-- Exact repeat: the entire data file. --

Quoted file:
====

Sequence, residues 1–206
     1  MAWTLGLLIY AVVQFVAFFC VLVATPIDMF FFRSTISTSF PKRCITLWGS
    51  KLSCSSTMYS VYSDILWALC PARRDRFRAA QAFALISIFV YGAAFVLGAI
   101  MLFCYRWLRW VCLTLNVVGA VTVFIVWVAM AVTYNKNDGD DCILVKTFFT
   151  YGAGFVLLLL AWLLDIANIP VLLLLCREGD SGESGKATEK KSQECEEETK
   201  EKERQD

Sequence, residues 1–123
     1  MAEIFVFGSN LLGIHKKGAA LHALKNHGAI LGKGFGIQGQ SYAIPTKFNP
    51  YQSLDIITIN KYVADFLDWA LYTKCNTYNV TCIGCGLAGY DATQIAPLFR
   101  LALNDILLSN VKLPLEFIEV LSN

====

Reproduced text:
Sequence, residues 1–206
     1  MAWTLGLLIY AVVQFVAFFC VLVATPIDMF FFRSTISTSF PKRCITLWGS
    51  KLSCSSTMYS VYSDILWALC PARRDRFRAA QAFALISIFV YGAAFVLGAI
   101  MLFCYRWLRW VCLTLNVVGA VTVFIVWVAM AVTYNKNDGD DCILVKTFFT
   151  YGAGFVLLLL AWLLDIANIP VLLLLCREGD SGESGKATEK KSQECEEETK
   201  EKERQD

Sequence, residues 1–123
     1  MAEIFVFGSN LLGIHKKGAA LHALKNHGAI LGKGFGIQGQ SYAIPTKFNP
    51  YQSLDIITIN KYVADFLDWA LYTKCNTYNV TCIGCGLAGY DATQIAPLFR
   101  LALNDILLSN VKLPLEFIEV LSN